Now I'm expecting that many of you will recognise this (left). It's Iceplant, doing what it does best when grown en masse - getting covered in Honeybees.

This is the species that you can pick up from almost garden centre - Sedum 'Herbstfreude', or its literal translation from the German,  'Autumn Joy'. And very well it does too for hoverflies as well.

But 'Herbstfreude' is actually a hybrid, of Sedum spectabile and Sedum telephium. The former is from eastern Asia; the latter is actually a British native of hedgebanks and even sunny ancient woodlands. And if you prefer your plants a little more on the eyecatching side than the rather dowdy 'Herbstfreude', have a look at this spectabile (right) I photographed this weekend.

This is what I think of as the REAL Iceplant. Each of the individual flowers in the head open fully, and are of an intense pink. And the fleshy leaves are a spring green, rather than the greyish tone of Herbstfreude.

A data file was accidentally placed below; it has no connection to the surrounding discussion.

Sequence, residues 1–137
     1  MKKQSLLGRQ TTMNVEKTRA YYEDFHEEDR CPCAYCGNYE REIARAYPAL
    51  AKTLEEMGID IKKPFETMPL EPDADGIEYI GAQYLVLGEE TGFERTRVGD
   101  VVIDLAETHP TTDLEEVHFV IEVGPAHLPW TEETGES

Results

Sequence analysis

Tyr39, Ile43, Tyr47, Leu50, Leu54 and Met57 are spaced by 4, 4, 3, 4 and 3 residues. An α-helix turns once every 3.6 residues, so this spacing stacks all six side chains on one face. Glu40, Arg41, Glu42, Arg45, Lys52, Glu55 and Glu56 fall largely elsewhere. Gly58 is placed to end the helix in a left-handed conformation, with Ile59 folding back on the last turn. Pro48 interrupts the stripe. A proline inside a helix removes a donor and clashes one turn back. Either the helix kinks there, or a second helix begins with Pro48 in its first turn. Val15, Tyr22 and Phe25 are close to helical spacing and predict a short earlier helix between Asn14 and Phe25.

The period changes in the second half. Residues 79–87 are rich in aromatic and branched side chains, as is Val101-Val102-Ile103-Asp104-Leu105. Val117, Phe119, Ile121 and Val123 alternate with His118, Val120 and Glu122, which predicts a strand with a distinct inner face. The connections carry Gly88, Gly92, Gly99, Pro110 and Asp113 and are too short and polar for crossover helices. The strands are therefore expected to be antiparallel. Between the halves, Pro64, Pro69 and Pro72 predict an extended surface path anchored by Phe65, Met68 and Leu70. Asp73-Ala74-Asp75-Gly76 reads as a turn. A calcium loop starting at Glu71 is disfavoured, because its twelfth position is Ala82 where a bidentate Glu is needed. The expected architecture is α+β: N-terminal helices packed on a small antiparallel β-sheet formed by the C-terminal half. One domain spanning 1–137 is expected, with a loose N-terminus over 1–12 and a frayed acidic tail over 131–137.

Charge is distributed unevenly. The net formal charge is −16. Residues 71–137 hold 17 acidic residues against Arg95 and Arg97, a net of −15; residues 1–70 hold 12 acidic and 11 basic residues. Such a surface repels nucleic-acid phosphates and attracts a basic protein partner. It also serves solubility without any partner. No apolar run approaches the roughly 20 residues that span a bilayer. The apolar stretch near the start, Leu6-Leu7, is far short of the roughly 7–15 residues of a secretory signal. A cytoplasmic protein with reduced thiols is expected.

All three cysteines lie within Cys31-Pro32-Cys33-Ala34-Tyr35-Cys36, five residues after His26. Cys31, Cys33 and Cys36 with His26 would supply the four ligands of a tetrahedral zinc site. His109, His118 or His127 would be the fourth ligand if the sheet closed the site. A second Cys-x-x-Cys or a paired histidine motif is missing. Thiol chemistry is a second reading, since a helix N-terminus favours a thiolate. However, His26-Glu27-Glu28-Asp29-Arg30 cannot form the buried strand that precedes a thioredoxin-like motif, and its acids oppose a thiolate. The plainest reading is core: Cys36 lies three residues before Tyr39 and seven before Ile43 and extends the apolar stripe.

This spectabile is the cultivar Brilliant, and reputation has it that it, and its sister cultivar 'Iceberg' which is a glorious white, are much more attractive to butterflies than Herbstfreude.

But this is where I'd like to call on you good folk - have you any experiences to share? Which Sedums work for you?

Oh, and don't forget, I'm looking for brave souls to follow Wildlife Friendly's example and share their garden with us on the blog. Reply to this entry, and I'll get in touch - and I'm sure all our readers will be delighted!